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Re: [school-discuss] Slaves to Microsoft

Joel Kahn wrote:
Thanks to the people who replied to my posting. While
your suggestions are all good, I should emphasize that
the politics of this situation are really rather
delicate and I have to be careful about what I say and
who I say it to. Touchy egos, power struggles, and all
that sort of nonsense.

There is one thing that I think would be helpful: if
someone out there in schoolforge land could sell me
cheaply (or donate) a laptop preloaded with a nice
stable Linux distro and equally stable versions of the
relevant apps. I'm not interested in raw power; in
fact, an older machine might even be a more impressive
way to demonstrate that Linux can do a better job than
Windows under the right conditions. With a laptop, I
would have a lot more flexibility in my own
self-training with FLOSS, as well as what I show,
where/when I show it, and who I show it to.

I should emphasize that, if the laptop were to be
donated outright, it would have to be to me
personally, not to the school district I work for. If
the district gets it, it will have Win XP thrown onto
it instantly and I won't even get to use it. Something
to keep in mind if anyone is thinking tax write-offs
or whatever.

Let me know if you might be able to help, and we can
start working on details.



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You don't need a specific computer to do this. Download an education-focused live CD such as eduKnoppix or eduMorphix (search for "education" at http://www.frozentech.com/content/livecd.php for others you might find more suitable).

Once you have the CD, simply boot it in any computer that can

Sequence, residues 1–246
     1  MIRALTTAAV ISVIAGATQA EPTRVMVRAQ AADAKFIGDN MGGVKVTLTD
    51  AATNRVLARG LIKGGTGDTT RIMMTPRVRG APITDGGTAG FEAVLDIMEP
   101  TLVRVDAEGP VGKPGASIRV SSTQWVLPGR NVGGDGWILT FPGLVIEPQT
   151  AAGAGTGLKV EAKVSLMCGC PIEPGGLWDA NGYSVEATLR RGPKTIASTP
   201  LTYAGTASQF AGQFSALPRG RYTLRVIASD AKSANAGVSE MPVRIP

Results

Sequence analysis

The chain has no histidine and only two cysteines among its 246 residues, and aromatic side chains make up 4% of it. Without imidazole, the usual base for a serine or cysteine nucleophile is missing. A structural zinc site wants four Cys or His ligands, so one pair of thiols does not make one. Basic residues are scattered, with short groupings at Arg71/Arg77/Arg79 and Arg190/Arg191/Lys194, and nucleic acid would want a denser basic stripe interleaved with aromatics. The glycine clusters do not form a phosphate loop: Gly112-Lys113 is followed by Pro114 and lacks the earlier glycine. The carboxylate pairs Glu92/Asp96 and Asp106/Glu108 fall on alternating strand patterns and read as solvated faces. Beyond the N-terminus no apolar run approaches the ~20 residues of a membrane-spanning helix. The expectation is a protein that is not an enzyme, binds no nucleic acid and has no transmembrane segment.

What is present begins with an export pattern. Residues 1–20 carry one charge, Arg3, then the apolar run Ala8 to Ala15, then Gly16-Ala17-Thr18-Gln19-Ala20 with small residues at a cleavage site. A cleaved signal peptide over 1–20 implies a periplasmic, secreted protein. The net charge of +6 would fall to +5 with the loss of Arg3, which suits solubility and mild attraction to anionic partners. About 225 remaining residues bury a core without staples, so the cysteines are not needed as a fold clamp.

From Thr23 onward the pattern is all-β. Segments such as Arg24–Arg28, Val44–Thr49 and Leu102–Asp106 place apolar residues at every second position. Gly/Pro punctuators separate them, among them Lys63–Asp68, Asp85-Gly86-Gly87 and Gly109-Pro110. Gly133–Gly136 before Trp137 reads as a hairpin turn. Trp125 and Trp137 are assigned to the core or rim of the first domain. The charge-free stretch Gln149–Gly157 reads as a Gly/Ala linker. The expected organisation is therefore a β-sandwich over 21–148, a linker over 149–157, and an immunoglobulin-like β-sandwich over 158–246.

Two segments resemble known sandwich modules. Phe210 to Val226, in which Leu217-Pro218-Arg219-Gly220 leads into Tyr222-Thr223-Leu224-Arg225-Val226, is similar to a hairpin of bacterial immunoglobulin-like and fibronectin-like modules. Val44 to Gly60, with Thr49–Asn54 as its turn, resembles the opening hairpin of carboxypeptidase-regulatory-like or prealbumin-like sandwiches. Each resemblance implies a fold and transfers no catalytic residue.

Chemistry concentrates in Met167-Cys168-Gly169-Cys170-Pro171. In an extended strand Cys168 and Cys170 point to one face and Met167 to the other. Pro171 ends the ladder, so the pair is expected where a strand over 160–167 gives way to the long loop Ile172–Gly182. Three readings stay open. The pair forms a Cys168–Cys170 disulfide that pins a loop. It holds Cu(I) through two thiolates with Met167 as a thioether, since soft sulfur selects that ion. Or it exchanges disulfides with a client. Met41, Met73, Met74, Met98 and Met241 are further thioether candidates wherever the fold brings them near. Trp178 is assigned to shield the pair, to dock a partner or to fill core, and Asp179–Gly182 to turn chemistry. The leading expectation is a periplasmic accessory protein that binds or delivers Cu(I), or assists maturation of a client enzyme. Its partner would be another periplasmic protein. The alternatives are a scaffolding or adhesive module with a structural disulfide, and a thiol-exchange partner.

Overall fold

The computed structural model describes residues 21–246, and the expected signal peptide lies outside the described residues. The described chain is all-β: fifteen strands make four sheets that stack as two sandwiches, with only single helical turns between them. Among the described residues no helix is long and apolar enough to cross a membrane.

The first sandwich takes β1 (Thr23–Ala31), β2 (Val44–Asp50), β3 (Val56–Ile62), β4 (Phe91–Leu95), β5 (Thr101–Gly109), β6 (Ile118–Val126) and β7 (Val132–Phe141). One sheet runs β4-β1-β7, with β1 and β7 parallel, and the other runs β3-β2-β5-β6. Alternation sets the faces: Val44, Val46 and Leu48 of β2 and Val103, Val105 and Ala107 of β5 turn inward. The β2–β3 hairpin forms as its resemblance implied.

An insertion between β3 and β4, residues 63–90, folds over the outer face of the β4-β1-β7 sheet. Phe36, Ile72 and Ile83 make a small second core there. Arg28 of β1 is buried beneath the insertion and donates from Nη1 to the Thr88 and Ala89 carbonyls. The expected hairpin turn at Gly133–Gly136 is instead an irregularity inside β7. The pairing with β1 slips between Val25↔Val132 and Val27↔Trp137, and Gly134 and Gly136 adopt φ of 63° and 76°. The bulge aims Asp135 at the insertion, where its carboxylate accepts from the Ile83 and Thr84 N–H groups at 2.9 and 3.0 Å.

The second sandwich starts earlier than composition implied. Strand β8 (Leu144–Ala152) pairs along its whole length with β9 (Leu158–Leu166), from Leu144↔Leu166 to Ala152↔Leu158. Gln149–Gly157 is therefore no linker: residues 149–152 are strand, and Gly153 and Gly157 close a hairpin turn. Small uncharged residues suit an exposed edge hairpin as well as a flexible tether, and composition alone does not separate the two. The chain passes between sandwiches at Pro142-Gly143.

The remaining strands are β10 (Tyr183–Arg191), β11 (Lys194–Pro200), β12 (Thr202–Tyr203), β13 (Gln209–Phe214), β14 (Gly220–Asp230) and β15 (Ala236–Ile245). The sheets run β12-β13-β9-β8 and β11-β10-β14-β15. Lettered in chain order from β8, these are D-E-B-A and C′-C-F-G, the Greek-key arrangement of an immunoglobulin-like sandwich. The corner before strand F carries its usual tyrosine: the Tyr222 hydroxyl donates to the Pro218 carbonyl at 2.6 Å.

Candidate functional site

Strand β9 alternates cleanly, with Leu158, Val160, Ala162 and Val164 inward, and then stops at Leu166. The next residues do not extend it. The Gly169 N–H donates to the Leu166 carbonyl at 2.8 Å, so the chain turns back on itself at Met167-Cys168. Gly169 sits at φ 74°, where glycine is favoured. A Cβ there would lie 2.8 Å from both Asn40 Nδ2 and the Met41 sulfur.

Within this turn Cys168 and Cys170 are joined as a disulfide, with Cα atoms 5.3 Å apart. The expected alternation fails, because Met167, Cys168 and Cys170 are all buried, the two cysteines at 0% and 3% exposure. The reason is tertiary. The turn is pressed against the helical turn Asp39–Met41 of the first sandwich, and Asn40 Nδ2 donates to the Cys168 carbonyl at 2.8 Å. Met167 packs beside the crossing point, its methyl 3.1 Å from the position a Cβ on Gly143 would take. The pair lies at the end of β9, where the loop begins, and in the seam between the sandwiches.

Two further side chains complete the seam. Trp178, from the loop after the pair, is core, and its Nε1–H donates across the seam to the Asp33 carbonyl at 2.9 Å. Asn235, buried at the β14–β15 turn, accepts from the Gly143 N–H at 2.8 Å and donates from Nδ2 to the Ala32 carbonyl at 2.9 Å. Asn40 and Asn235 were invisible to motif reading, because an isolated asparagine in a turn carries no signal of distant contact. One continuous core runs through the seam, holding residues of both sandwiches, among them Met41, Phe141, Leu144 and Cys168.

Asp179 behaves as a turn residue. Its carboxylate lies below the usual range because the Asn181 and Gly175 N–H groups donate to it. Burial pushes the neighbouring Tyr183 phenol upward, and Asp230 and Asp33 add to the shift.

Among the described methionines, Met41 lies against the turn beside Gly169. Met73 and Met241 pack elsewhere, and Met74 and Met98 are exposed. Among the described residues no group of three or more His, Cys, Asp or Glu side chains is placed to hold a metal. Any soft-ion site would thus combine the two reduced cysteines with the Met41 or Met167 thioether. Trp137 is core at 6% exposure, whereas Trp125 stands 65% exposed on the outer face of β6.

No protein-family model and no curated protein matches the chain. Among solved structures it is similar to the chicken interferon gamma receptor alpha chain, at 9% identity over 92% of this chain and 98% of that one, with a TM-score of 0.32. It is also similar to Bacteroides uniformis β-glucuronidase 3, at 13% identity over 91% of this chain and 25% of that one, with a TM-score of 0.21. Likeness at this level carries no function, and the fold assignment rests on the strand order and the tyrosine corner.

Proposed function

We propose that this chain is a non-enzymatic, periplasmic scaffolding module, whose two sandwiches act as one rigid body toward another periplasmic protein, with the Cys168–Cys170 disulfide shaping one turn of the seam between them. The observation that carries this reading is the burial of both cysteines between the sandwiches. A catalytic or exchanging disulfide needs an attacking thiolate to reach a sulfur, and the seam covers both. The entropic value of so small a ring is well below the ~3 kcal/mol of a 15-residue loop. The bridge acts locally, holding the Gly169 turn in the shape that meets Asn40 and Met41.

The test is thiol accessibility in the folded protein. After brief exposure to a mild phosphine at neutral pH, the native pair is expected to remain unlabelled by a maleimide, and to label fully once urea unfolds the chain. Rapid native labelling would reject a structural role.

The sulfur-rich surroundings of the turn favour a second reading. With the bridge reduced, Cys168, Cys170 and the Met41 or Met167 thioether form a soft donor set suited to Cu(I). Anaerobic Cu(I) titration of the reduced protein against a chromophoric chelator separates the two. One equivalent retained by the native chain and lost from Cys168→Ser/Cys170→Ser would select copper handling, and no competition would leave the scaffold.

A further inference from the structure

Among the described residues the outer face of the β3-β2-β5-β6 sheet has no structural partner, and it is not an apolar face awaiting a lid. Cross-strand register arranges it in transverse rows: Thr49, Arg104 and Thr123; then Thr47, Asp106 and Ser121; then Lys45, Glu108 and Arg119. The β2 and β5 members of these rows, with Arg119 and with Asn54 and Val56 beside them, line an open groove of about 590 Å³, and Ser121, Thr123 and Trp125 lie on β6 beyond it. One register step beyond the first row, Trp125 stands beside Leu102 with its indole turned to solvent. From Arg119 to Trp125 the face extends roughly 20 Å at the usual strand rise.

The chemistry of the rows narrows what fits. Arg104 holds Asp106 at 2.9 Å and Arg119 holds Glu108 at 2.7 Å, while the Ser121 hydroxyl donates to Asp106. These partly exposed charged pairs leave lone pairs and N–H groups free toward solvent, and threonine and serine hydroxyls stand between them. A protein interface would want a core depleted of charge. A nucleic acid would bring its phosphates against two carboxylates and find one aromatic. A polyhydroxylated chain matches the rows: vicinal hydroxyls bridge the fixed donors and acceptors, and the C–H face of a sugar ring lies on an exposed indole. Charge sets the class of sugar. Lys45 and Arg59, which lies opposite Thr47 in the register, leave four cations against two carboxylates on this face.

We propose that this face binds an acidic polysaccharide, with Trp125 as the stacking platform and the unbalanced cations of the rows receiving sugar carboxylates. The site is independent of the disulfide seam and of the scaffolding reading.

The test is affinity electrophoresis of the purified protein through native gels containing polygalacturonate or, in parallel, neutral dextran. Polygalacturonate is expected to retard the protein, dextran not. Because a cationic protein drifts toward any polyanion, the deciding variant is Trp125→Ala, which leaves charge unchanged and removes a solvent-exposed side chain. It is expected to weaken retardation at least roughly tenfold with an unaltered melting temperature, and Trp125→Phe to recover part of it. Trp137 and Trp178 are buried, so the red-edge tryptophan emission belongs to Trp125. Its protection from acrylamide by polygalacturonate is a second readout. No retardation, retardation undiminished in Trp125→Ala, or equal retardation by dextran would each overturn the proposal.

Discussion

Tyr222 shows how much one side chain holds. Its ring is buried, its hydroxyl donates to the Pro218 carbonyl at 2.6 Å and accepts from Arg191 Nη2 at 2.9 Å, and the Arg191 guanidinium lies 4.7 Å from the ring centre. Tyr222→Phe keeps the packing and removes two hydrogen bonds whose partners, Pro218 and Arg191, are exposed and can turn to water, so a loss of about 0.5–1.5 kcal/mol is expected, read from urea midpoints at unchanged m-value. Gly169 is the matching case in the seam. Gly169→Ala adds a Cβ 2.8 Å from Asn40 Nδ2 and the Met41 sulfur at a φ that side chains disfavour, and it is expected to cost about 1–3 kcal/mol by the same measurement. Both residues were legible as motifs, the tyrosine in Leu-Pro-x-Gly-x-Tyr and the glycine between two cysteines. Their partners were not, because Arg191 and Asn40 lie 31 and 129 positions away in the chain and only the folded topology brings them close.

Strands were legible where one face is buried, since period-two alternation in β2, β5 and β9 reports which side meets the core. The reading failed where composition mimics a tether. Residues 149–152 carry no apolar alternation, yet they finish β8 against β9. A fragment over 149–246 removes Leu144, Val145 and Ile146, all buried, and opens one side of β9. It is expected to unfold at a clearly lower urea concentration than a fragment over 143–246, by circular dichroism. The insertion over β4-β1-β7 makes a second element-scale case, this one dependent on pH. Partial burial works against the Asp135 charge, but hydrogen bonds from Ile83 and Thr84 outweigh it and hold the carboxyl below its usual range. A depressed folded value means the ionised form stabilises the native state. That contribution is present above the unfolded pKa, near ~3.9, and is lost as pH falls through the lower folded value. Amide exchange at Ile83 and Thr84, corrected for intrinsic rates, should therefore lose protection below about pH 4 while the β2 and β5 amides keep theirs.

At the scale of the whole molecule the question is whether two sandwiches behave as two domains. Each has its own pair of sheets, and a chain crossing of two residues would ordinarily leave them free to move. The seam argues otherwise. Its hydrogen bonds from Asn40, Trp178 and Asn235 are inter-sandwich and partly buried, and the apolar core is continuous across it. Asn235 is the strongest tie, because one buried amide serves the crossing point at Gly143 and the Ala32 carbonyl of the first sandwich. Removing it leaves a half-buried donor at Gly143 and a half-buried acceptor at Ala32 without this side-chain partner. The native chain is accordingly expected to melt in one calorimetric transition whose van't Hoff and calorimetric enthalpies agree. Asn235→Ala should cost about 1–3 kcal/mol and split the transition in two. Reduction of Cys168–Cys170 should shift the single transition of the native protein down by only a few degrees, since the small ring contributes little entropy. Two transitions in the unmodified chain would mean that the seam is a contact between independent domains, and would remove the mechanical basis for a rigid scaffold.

boot from a CD.  The CD will boot a complete Linux environment
with a good selection of educational apps that you could
demonstrate.  Make sure to explain that any perceived slowness
is due to booting from the CD and would not be seen if installed
on the hard drive.

The live CD will not touch the hard drive, so you can boot it,
demo it, then take it out and reboot to Windows.  That alone
can inspire a bit of "Wow factor".  It might even be fun to
find a couple of different live CDs that offer different GUIs
and/or apps to show how flexible Linux can be.  You could explain
how you downloaded the CDs at no cost, and could give away
copies to anyone who wanted them for the cost of the blank CD.

You might also be interested in a slightly different approach.
Go to http://www.theopencd.org and download or purchase the CD.
Then you can demo various apps like OpenOffice easily and show
that they provide enough of the same functionality as their
MS counterparts, and that they could be used to save a substantial
amount of money.  Hopefully, budget issues can overcome the
laziness that is locking in MS.  Unless the decision makers
are benefitting directly from the relationship with MS, I'm
sure they have their own pet projects they would like to have
more money for.  Try to use that fact to your advantage.


Don Christensen       Senior Software Development Engineer
djc@xxxxxxxxx         Cisco Systems, Santa Cruz, CA
  "It was a new day yesterday, but it's an old day now."